2 1. Introduction Since satellite images became available, they were extensively used for the manual synoptic analysis and diagnosis, especially in data-sparse areas. In doing so, it became obvious very soon that the correlations between the cloud structure and coverage shown by the imagery, with the synoptic features to be analyzed like fronts and pressure systems, are not as simple and unambigious as suggested by some over-simplified conceptual models contained in the textbooks of Synoptic Meteorology. Therefore a lot of rules and refined conceptual models were developed in order to make the use of the imagery easier and to allow a physically correct interpretation of the satellite data (see, e.g., BADER et al. 1995). On the other hand, there was the tendency to re-define well known structures like fronts with the aid of the satellite imagery alone. And also in the time being analyses of surface fronts are sometimes distributed by Met Centres which are obviously based solely on band-like structures in the satellite imagery and which are often not in agreement with the typical distribution in the fields of temperature, pressure and wind by which fronts are physically correct defined. In the following some typical examples of those wrong or at least questionable analyses are shown in order to discuss the reasons for the wrong interpretation of the satellite information and to define the way in which this information should be used for analysis and diagnosis. 2. Examples for wrongly analyzed surface fronts and other analysis problems when using the satellite imagery 2.1 A misleading upper cloud band According to the well-known schemes of fronts, an active surface front should be connected with a cloud band parallel to the front and centred either ahead, above or behind of it. That is surely true for the majority of fronts especially with regard to lower clouds, but must not be valid for every case. Therefore it can be very misleading to infer the position of a surface front from band-like cloud structures in the satellite imagery alone. As a typical example, Fig.1 shows an IR-satellite image of METEOSAT together with the numerical analysis of surface pressure and two analyses of the surface fronts.the upper analysis was distributed by an European Met Centre. It contains a frontal wave over UK and Ireland and a cold front running from Ireland to the Azores. This analysis, however, is not in agreement with the available surface observations and the model analyses of temperature and equivalent-potential temperature, resp., at 850 hpa. These data suggest a front position further in the west and connecting the two low pressure centres northwest of Ireland and north of the Azores as shown by the lower analysis.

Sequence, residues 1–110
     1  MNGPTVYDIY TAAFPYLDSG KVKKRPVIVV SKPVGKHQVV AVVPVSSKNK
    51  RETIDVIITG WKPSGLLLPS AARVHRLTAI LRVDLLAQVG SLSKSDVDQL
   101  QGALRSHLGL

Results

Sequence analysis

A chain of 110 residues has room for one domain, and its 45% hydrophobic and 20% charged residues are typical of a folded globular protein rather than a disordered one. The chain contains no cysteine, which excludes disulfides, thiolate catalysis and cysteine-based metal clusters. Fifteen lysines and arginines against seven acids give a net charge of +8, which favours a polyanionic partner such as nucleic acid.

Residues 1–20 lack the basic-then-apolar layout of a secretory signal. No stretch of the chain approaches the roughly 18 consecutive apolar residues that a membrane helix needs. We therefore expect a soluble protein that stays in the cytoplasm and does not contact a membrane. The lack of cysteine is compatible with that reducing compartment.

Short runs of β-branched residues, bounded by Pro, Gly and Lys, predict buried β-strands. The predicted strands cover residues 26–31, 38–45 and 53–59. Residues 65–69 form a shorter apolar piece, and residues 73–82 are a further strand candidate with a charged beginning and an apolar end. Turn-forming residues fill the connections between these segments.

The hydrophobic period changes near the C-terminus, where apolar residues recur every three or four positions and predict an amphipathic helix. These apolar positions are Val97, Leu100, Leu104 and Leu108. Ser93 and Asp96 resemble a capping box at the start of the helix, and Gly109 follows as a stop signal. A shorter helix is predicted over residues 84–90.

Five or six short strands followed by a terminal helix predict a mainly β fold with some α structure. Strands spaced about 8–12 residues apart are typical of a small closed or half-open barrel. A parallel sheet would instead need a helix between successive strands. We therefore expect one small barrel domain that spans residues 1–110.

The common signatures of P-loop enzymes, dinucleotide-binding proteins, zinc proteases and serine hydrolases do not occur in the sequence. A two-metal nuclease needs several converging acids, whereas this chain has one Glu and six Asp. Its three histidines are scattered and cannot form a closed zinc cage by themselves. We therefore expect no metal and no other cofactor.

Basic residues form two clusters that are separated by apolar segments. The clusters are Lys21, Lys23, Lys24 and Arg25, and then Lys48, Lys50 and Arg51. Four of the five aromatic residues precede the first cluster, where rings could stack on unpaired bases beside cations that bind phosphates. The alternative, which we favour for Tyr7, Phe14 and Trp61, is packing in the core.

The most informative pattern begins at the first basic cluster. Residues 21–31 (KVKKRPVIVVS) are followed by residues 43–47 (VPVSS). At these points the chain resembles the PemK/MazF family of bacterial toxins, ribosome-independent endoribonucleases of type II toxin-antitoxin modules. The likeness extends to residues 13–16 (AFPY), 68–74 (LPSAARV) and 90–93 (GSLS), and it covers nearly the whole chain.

3 Fig. 1: IR-satellite image of METEOSAT for 12 Dec. 2000, 00 UTC with numerical analysis of surface pressure and two analyses of the surface fronts (see text). The reasons for the wrong analysis become obvious when looking at the IR- image. It shows a broad cloud band at medium and high levels over the sea areas between Ireland and the Azores producing some rain as indicated by surface observations. The meteorologist responsible for the analysis obviously believed that this cloud band must be connected with a surface front. In spite of that, the fronts analyzed according to the temperature distribution were not connected with higher cloud at all places so that their position was not so clear using the image alone. According to the numerical analyses, the cloud band can be traced back to a gentle ascent of warm and moist air in the southwesterly air flow in the mid and upper troposphere. The baroclinicity at the mid troposphere was maximized at the western edge of the band so that the upper jet stream had also its position there. The boundary of this air mass near surface was situated between the Azores and Portugal, i.e. near the southern end of the cloud band. There was, however, no connection of this frontal zone with the fronts connecting the two low centres further west. Therefore also the normal correlation between surface fronts and the upper jet